To diagnose supraventricular tachycardia, your doctor will review your symptoms and your medical history and conduct a physical examination. Your doctor may ask about â or test for â conditions that may trigger your SVT, such as heart disease or a problem with your thyroid gland. Your doctor may also perform heart-monitoring tests specific to arrhythmia. These may include:
If your doctor doesn't find an arrhythmia during those tests, he or she may try to trigger your arrhythmia with other tests, which may include:
Electrophysiological testing and mapping. In this test, doctors thread thin tubes (catheters) tipped with electrodes through your blood vessels to a variety of spots within your heart. Once in place, the electrodes can map the spread of electrical impulses through your heart.
In addition, your cardiologist can use the electrodes to stimulate your heart to beat at rates that may trigger â or halt â an arrhythmia. This allows your doctor to see the location of the arrhythmia and what may be causing it.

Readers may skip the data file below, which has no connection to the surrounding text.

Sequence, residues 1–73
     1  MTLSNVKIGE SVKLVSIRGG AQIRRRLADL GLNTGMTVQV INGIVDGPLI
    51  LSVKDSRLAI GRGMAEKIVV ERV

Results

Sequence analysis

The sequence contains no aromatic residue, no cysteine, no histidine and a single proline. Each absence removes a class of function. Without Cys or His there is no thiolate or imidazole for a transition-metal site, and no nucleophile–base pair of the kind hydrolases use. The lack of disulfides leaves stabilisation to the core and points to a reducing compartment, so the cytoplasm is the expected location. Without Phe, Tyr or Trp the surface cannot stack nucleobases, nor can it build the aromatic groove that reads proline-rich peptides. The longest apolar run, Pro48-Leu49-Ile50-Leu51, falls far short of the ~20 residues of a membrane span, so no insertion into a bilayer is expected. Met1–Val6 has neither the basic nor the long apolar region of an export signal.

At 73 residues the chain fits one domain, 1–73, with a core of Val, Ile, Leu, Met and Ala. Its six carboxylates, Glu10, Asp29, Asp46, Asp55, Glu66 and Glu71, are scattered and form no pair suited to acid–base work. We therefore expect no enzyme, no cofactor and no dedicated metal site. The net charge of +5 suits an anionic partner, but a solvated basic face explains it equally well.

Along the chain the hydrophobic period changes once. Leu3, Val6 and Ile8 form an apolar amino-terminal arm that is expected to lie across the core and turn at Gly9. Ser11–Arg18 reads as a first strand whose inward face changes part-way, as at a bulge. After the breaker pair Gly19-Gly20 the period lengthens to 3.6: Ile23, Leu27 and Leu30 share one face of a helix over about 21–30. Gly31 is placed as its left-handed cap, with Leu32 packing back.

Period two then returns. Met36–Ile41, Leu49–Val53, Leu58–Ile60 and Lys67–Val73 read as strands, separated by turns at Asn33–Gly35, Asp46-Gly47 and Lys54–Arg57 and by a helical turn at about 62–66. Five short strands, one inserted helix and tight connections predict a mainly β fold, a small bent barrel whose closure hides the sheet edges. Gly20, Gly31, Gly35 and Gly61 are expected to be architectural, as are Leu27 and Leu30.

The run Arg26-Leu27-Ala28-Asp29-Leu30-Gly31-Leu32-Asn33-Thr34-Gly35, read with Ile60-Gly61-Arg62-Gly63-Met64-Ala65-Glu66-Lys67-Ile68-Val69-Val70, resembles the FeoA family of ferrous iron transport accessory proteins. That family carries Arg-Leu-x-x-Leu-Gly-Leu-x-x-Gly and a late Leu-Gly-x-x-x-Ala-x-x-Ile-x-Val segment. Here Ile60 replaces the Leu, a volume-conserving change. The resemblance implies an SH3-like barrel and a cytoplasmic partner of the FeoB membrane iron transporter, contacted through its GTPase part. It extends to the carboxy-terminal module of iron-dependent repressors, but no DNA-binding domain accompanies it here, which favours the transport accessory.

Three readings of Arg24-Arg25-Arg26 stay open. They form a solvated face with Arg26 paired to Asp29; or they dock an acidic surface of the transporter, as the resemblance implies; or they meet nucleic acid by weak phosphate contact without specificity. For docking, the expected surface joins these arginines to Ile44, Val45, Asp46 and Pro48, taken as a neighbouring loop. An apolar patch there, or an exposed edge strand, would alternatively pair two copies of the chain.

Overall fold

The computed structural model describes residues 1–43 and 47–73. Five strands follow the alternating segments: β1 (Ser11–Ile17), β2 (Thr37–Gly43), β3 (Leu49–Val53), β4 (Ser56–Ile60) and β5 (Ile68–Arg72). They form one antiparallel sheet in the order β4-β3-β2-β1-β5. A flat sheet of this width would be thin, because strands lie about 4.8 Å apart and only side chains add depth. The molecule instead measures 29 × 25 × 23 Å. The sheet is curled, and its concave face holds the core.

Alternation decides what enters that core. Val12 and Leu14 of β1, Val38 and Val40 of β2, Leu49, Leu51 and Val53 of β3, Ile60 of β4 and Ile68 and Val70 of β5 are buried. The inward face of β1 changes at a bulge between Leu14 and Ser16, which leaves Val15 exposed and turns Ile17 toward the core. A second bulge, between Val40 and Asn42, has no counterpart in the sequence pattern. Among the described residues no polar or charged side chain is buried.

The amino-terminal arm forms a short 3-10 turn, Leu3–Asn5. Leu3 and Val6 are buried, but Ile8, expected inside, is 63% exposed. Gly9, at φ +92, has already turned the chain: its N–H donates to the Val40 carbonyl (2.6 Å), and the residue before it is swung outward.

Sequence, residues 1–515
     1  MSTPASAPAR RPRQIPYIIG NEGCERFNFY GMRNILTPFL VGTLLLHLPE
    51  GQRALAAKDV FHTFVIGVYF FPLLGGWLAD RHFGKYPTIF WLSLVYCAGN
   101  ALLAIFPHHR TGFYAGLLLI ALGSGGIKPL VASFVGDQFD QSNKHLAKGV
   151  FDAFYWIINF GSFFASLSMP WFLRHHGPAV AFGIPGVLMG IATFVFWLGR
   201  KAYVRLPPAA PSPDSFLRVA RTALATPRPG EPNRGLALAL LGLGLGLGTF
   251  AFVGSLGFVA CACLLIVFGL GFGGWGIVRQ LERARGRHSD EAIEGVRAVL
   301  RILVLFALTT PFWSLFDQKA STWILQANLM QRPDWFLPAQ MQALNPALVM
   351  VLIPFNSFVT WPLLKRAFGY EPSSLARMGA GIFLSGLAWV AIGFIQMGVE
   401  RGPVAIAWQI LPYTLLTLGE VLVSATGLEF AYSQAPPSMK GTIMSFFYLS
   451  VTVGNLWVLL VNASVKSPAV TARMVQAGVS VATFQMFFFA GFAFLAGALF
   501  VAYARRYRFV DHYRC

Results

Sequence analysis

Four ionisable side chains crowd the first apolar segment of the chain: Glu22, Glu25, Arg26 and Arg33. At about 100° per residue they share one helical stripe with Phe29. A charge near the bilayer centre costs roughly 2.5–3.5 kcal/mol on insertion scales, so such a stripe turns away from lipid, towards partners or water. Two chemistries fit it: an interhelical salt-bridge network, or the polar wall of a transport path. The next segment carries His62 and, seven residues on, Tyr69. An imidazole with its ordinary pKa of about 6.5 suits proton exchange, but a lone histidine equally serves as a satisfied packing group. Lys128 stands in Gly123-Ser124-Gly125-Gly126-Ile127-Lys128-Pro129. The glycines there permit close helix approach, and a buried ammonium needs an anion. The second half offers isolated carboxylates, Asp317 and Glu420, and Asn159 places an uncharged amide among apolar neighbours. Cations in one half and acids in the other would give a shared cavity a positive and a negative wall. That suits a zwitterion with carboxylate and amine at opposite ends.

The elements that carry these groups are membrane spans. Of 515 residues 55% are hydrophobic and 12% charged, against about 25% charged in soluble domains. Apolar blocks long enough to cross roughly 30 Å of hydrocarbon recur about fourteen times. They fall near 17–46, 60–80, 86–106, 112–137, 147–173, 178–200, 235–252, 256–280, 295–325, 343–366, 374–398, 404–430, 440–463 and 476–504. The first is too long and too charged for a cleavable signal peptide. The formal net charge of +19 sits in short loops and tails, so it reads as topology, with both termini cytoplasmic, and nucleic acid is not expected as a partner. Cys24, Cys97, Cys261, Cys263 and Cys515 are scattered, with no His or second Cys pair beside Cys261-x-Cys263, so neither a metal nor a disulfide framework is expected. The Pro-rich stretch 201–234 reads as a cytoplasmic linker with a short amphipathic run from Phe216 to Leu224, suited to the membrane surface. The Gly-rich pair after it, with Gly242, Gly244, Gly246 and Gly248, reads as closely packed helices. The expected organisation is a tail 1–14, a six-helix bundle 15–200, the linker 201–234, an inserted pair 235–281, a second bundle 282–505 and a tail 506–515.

Research is ongoing regarding the effectiveness of several forms of complementary and alternative medical therapies for supraventricular tachycardia.
Some types of complementary and alternative therapies may be helpful to reduce stress, such as:
Some studies have shown that acupuncture may help reduce irregular heart rates in certain arrhythmias, but further research is needed.
The role of omega-3 fatty acids, a nutrient found mostly in fish, in the prevention and treatment of arrhythmias isn't yet clear. But it appears as though this substance may be helpful in preventing and treating some arrhythmias.
Your doctor may suggest that, in addition to other treatments, you make lifestyle changes that will keep your heart as healthy as possible.
These lifestyle changes may include: